Lawyer Monthly - July 2022

About Richard Min Richard Min is a partner at Green Kaminer Min & Rockmore LLP in New York City whose practice focuses exclusively on family law, with a particular emphasis on international family law, child abduction and crossborder custody issues pursuant to the 1980 Hague Abduction Convention and the Uniform Child Custody Jurisdiction and Enforcement Act. He has extensive trial experience in Hague Abduction cases having been involved in approximately 100 cross border child abduction or custody cases in more than a dozen states and having acted as lead trial counsel in over 35 Hague abduction cases. About Green Kaminer Min & Rockmore LLP Green Kaminer Min & Rockmore LLP is a Manhattan-based family law firm that serves clients throughout New York and internationally. Their team assists in a wide range of family law matters including international child custody and child abduction disputes, as well as disputes concerning the division of foreign assets in international divorces. Richard Min Partner Green Kaminer Min & Rockmore LLP 420 Lexington Ave. Ste. 2821, New York, NY 10170 Tel: +1 212-681-6400 +1 212.257.1944 Fax: +1 212-681-6999 E: depending on the issues being raised and the workload of the particular court or judge, cases may take longer to resolve. What is the process for recovering an abducted child from abroad? How does this process vary between different countries? The US Department of State issues a yearly report on international child abduction cases, including those in which an American child was abducted abroad. Included in that report is an analysis of other countries’ compliance record to see how well the treaty is working between different countries. That being said, the process can look very different depending on where a child is taken to. Some countries have civil legal systems while other have common law systems like ours. Some countries have public prosecutors that can bring these cases on behalf of parents while in others you have to find and pay for your own attorney, again as would typically be the case here in the United States. A major difference, of course, is whether the child is taken to a “Hague” country or a “non-Hague” country, meaning whether or not said country adheres to the treaty. If they are a “Hague” country, then the process – albeit perhaps a bit different from other treaty member countries – will generally be the same in that you will have the same law to rely upon. If the child is taken to a “non-Hague” country, the process will vary greatly depending on the country and their own domestic laws and the particular facts of the family. Some countries may simply enforce any US custody orders, while others may not be so willing. It is always wise to immediately seek the advice of local counsel in those situations, which your US attorney or the State Department might be able to help with. You can always visit the International Academy of Family Lawyers website, which is a great resource for lawyers across the world. What are some of the most challenging cases you have ever worked on? Cases can be challenging for many reasons. There are procedurally challenging cases, such as cases with multiple actions going on simultaneously in federal court, state courts and even foreign courts. The case of Golan v. Saada, which I just argued in the US Supreme Court, was very challenging because it has been ongoing for almost four years, including a nine-day trial and numerous appeals. The most challenging cases are those that involve horrific acts of child abuse. A recent case of mine involved two girls who had been terribly abused by their father and were terrified of being returned home. I felt tremendous pressure to make sure that they could be protected and, luckily, we were successful in keeping them here in the US. I also had a case where the child had been secretly abducted and withheld from the mother for two years without any contact. Usually, even in abduction cases, the parent has some idea of where the child has been taken, but in this case, it took two years to locate the whereabouts of this particular child. We were able to have the US Marshal service pick up the child from school without the father’s knowledge and brought to the judge’s chambers for a tearful reunion with her mother. We also were successful in then having the child returned home. Sometimes the most challenging cases can also be the most rewarding and that is certainly one example of that. 53 JUL 2022 | WWW.LAWYER-MONTHLY.COM EXPERT INSIGHT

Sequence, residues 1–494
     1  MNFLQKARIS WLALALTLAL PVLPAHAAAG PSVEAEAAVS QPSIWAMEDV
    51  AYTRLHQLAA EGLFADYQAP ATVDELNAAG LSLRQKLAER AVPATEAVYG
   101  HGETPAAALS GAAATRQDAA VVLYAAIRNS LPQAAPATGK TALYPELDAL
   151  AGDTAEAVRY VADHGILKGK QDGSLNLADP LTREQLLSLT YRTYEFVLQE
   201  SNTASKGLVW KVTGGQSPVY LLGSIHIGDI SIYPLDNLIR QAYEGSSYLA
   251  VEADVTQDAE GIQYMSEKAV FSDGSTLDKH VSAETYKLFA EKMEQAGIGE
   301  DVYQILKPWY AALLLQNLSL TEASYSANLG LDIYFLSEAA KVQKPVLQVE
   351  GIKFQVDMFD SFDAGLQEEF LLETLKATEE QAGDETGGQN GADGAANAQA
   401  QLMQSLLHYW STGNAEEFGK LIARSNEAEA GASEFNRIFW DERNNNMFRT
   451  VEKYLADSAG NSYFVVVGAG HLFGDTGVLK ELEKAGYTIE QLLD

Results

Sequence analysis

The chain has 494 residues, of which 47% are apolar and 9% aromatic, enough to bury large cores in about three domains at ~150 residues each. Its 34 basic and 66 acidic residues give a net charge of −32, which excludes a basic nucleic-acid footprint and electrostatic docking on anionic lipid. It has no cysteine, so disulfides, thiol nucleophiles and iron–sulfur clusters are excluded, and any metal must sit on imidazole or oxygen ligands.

RkJQdWJsaXNoZXIy Mjk3Mzkz